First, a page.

Articles Posted in Nursing Home Medical Malpractice

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medical malpractice wrongful death

Levin & Perconti Attorneys Assist Family In $12 Million Award for Failure to Diagnose and Treat Lung Cancer

A jury voted to award $12 million to the family of Doris Newberry after her death following a failure to diagnose and treat her lung cancer. Her family, with the help of Levin & Perconti attorneys John Perconti, Michael Bonamarte and Cari Silverman, were able to prove that the defendants — including family practice doctors Dr. Iza, and Dr. Jeffrey Lindahl of Alexian Brothers Medical Group, as well as radiologist Dr. Jeffrey E. Chung, of Radiological Consultants of Woodstock — failed numerous times to appropriately diagnose and care for Newberry’s cancer. As a result, she experienced pain and suffering and disfigurement, and an untimely death, which could have been prevented had her cancer been diagnosed following a 2010 X-ray which revealed a lung abnormality.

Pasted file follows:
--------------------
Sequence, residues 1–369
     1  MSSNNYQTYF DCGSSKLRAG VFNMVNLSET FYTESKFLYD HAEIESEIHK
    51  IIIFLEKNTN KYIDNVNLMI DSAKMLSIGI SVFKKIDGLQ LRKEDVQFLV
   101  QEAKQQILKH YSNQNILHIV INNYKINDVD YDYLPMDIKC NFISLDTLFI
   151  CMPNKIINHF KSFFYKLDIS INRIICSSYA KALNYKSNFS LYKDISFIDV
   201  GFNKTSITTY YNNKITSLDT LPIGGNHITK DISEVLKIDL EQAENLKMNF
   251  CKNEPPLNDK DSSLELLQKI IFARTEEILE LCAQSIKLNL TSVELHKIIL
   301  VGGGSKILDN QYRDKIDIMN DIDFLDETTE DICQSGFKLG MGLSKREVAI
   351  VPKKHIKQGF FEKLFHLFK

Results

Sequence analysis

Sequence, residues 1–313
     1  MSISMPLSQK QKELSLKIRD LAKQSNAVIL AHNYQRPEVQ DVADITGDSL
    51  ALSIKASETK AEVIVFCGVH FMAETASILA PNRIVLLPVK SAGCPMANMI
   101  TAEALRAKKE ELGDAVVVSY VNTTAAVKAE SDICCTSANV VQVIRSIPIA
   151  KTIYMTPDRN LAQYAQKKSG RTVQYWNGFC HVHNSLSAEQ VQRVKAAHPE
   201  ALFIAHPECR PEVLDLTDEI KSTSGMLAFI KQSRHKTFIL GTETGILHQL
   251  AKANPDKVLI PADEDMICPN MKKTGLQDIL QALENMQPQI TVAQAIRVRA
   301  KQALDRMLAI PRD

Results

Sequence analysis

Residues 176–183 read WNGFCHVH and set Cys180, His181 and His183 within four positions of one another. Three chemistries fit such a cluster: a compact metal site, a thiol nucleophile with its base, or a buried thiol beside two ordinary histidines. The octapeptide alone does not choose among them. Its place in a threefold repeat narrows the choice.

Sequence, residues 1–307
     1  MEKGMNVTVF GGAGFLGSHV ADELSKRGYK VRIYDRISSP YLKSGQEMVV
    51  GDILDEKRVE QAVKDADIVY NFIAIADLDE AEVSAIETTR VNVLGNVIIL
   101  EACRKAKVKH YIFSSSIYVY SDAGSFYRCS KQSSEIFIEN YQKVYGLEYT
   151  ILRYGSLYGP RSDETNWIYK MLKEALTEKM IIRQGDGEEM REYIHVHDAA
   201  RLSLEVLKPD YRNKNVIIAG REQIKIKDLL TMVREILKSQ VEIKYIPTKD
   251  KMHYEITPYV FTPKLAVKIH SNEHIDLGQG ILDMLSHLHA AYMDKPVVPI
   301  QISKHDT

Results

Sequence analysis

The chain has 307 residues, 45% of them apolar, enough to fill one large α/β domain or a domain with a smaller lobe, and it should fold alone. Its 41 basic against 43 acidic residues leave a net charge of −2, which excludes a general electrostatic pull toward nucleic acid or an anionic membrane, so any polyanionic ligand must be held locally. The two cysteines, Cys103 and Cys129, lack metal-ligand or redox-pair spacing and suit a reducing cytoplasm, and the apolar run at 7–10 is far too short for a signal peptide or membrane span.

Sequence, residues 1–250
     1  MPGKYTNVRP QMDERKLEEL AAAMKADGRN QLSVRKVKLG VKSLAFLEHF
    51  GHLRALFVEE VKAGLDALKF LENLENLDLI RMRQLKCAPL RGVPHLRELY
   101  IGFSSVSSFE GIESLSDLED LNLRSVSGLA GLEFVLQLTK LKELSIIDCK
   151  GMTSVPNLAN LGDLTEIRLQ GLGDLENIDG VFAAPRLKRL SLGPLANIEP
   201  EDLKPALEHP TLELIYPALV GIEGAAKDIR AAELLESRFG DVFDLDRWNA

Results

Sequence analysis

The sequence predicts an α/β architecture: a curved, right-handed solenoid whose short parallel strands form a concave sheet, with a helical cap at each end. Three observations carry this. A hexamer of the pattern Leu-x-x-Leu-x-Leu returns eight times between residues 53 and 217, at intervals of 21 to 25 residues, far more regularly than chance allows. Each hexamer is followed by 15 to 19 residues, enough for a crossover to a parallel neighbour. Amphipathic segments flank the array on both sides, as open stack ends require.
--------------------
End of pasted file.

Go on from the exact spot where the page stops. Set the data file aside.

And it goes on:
• Iza saw Newberry several times between June 2008 and August 2010, including an August visit following a July 2010 chest X-ray that showed abnormal findings.
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The Center for Justice & Democracy, a consumer rights advocacy group out of New York Law School, has compiled a review of medical malpractice incidents and has publicly shared their findings. Entitled “Medical Malpractice: By the Numbers,” the briefing examines recent medical studies and investigations of both inpatient and outpatient groups and facilities such as hospitals, nursing homes, home health agencies, and hospice organizations.